The reason I am bringig this up is because to my imagination AD&D is about exploring and the unknown and wild sunsets over mystical forests, however, I keep seeing the military/wargame roots of D&D not just subjectively, but also in the modules (B2) and in the direction in which the game as been going for me. First adventure was a 14 level dungeon based on the Haunted Keep scenario example from the Red Moldway basic rulebook (my entry into the D&D world). I am not sure if 14 levels would qualify for a multi-level dungeon or a mega dungeon, took a year and a hal to play at the rate of one weekend of gaming every six weeks, and THAT turned, unexpectedly for me, into a Dungeon siege. A wargame. Tiresome. The plan is, to take the players through N1 Forest Oracle to B1 to B2, at some point, the DMG dungeon map as a side adventure for the local thief,, until they can take on the A,G,D, and Q series, all in the context of my own campaign setting. I ws thiking of running a T-1 as soemthing separate, but all the intrigue you have mentioned, has intrigued me. The biggest challenge is to keep at an exploration/role playing game and to keep it from becoming a military campaign. To me, playing through that story arc will reveal something of the Ggaxian vision and of the essence of D&D rom the 1970's. What do you think. Are modules exemplary of Gygax' Greyhawk vision, and also do you think there are others that should be included (aside from the Tomb Of Horrors, Plume Mountain, Barrier Peaks and Ghost Tpwer of Inverness?)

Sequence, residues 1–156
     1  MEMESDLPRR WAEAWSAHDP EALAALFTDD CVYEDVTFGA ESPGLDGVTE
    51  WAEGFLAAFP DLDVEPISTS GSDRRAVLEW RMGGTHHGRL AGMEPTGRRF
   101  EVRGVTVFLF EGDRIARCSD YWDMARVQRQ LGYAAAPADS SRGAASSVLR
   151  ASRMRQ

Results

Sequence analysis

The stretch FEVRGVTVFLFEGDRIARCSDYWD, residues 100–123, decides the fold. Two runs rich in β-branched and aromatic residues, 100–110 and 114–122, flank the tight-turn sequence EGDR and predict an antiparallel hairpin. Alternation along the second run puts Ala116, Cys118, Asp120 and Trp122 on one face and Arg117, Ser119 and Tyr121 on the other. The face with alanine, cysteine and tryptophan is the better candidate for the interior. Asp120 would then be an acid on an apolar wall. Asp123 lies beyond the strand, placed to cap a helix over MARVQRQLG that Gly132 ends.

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  15. Are modules exemplary of Gygax' Greyhawk vision, and also do you think there are others that should be included (aside from the Tomb Of Horrors, Plume Mountain, Barrier Peaks and Ghost Tpwer of Inverness?)

    It's difficult to answer this, because Gygax's vision of Greyhawk changed over time and with the demands of selling products. The G and D-series modules predate the publication of The World of Greyhawk, for example, and the published version of the setting was very different than the original one that Gary created for his home campaign. I certainly think that modules eventually became an important part of his vision, but I'm not sure they started out that way.